Unlike most electric can openers, the Hamilton Beach SmoothTouch 76606ZA cuts around the side of the can -- leaving smooth edges on both can and lid, and never letting the blade (or the possibly germy lid) touch the food. That means no cleaning a gunky blade, and no cut fingers. The Hamilton Beach opens both large and small cans with ease. Its compact black-and-chrome body looks good, too, reviewers say.

Buy for $26.99

Manual or electric?

Can openers come in many styles, from the nearly effortless electric models to the tried-and-true hand-crank models that work just as well today as they did in decades past. The best can and jar openers can handle a wide variety of can or lid shapes and sizes without jamming, cutting your fingers or requiring a lot of hand strength.

Types of Can Openers

Manual Can Openers

From models that are little changed from the ones your grandparents and even great grandparents used, to modern devices that offer improved safety and convenience, manual can openers remain the most popular choice. Most are easy to use and reliable, but some level of manual strength and dexterity are required.

Jar Openers

Jar openers are tools that either clamp or slide onto the jar lid, providing extra leverage to help you get the jar open. Most jar openers require some (minimal) hand and wrist strength, but owners find they're still a big help for those with arthritis or limited grip strength.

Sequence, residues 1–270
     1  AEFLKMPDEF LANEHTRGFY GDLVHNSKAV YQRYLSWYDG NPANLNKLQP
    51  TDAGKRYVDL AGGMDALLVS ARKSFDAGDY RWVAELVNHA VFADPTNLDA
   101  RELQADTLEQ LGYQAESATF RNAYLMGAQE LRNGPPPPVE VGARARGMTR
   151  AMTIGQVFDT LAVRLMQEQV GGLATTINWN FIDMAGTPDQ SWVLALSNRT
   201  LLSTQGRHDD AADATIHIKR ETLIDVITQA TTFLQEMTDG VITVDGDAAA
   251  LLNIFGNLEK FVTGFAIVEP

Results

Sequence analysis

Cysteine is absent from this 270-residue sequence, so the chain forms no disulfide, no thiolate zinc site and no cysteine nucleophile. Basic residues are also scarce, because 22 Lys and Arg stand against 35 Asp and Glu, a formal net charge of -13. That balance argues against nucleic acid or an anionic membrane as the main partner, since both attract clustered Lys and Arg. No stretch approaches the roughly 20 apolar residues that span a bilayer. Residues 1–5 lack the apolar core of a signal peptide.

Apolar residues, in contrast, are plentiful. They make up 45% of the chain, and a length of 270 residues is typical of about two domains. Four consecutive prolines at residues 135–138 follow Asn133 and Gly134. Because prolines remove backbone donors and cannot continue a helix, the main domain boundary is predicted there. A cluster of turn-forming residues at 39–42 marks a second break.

Under Cabinet Can Openers

Once exceedingly popular, under-cabinet and under-counter can openers are not as common in kitchens now. However, they still remain a great choice if you don't want to lose any drawer or counter space to your can opener.

Electric Can Openers

Electric can openers reduce the process of opening a can to the flip of a lever or push of a button. Though they can take up a bit of counter space (space-saving under-cabinet models are also available), electric can openers are especially helpful if you have limited hand strength. Some will even stop automatically once they've completed the cut.

Top-cut vs. side-cut can openers

Can openers can be top cut or side cut, and each type has its pros and cons. Many of us have learned to accept the risk of sharp, jagged edges when opening metal cans with a top cut opener, but side-cut (also called smooth-edge) can openers change that by cutting along the side of the lid, splitting the seam where it joins the can and leaving smooth edges on both pieces.